An overview of Bash and the interactive prompt

A quick overview of the Bash command-line interpreter and the mechanics of its prompt

The following is an overview of the concepts and basic mechanics of the Bash command-line interpreter, i.e. shell program with which we use to send commands to our computers.

Bash, our shell

Bash is the command-line interpreter that serves as the interface between us, the user, and the computer's operating system, e.g. OS X Yosemite on your laptop, or Ubuntu 14.04 for Bash is designed to read characters that we input – such as by typing mkdir some_new_directory in via Terminal – and then passing them to the operating system to execute.

How to command our computers

If we wanted to create three new directories on our computer system named apples, oranges, and pears, we, the user, don't directly tell the operating system, "Make me three new directories named apples, oranges, and pears". We type in that command via text, in a format and syntax understandable by Bash, which then translates that text into a command the operating system can understand.

For example, in Bash, to create those three new directories, we type the text sequence of:

mkdir apples oranges pears

And then we hit Enter, which tells Bash to now read that line of text input and then interpret it as a command (or series of commands) for the operating system to execute.

Based on its syntax rules, Bash reads that line of text, mkdir apples oranges pears, and interprets mkdir as a command (or program), and the next three words, apples, oranges, and pears, as the names of the directories to create.

The translated commands are sent to the operating system which then executes the commands, creating those three new directories. Below is an animated GIF of me making those three directories on my own Mac OS X laptop:

On the top half of that GIF is the graphical user interface (or GUI) for the OS X operating system, i.e. what you're used to seeing when you use your Mac laptop. The bottom half is me accessing Bash via the OS X's Terminal app, letting me control my operating system via the Bash shell.


As you can see, the shell reads my command and executes them, and the result affects the underlying operating system, as if I created those directories via the graphical user interface by pointing and clicking.

The Software Carpentry project has a more detailed description of Bash and the purpose of a shell:

A shell is a program like any other. What's special about it is that its job is to run other programs rather than to do calculations itself. The most popular Unix shell is Bash, the Bourne Again SHell (so-called because it's derived from a shell written by Stephen Bourne—this is what passes for wit among programmers). Bash is the default shell on most modern implementations of Unix, and in most packages that provide Unix-like tools for Windows.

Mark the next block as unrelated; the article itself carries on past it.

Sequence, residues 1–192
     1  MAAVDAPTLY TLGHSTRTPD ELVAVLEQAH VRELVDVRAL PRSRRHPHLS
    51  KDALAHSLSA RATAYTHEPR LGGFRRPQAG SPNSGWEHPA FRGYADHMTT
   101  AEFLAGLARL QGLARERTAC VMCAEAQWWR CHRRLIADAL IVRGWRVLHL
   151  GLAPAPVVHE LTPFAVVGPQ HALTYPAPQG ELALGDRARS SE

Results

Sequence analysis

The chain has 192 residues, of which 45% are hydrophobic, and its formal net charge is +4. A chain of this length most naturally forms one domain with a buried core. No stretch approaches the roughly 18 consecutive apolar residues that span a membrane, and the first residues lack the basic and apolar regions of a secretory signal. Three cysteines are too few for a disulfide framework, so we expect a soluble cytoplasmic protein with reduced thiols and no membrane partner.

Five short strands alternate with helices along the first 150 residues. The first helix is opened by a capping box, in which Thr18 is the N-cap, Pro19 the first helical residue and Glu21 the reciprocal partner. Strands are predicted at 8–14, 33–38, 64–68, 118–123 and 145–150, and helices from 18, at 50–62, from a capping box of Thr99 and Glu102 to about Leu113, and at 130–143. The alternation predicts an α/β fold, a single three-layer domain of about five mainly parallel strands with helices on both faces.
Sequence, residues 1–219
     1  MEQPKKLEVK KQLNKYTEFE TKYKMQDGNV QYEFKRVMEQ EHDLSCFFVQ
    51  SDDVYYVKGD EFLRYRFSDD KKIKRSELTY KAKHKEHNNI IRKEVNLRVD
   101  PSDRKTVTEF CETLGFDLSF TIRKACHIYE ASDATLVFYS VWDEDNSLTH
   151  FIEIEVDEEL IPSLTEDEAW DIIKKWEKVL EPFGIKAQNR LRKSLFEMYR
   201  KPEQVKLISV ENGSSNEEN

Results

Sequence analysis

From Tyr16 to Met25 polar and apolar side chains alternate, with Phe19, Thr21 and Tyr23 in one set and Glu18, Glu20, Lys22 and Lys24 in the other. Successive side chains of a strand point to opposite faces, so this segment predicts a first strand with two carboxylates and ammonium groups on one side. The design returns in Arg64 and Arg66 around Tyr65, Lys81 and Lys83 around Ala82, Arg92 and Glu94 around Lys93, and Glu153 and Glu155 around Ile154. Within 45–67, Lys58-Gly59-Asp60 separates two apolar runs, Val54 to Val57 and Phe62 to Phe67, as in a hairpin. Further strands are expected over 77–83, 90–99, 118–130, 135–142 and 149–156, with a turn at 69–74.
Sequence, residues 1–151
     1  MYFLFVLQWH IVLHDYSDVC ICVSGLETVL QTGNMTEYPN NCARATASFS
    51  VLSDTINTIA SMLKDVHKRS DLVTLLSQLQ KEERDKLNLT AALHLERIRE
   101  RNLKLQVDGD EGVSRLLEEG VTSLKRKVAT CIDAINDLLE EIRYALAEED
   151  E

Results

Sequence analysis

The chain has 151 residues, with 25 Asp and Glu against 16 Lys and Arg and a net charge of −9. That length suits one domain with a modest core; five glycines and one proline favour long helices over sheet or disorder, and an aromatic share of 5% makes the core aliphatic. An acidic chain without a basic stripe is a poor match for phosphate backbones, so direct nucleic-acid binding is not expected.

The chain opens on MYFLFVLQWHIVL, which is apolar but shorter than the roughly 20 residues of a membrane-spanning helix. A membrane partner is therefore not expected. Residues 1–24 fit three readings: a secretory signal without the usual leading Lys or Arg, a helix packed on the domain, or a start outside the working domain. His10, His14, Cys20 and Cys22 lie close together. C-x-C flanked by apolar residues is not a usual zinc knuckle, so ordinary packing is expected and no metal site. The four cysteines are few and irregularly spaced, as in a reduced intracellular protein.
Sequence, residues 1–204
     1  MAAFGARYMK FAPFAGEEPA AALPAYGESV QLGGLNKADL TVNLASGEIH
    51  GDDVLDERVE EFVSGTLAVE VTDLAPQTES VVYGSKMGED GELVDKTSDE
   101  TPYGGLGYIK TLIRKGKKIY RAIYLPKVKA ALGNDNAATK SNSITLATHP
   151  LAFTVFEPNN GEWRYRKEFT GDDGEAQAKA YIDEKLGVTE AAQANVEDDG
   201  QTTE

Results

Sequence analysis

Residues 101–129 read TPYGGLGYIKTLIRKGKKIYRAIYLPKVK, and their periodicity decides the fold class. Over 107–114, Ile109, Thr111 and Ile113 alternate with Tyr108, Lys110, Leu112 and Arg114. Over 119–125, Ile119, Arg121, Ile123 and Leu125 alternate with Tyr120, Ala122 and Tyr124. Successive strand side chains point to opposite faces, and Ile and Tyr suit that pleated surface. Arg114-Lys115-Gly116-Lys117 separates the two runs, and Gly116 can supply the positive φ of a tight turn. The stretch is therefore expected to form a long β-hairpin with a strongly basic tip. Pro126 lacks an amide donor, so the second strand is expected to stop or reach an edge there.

Note: If you are a pre-2014 Stanford enrollee and were running into problems following my examples on, that was because you were on a different shell, tcsh, which has its own syntax for interpreting commands. That is why typing in bash, to start up the Bash shell, fixed those problems.

The interactive shell

Our initial usage of the Bash program will be to login and use it interactively: that is, it prompts us, we type in a command, Bash evaluates that command, prints the result, and then prompts the user for the next command.

This loop of interaction continues until the user logs out (or the system crashes).


The bash prompt

Think of the prompt as the way that Bash tells you, Hey, I'm waiting for you to tell me what to do.

When logging into the system bash, the default prompt should look like this:


Which translates to:

Your Stanford ID@The current computer:Your current directory$

In the screenshot below:


Here's what's going on

The prompt can be customized to show what you want (including emoji, or what have you), but the key concept is that everything to the right of it is your space to issue commands.

Note: For the purposes of this guide, I'll often use the generic prompt user@host:~$, whereas the prompt for the GIF screencasts will look different. All you have to do is just know what a prompt generally looks like. In the examples, you shouldn't need to focus on what each prompt looks like, as I'll likely be inconsistent.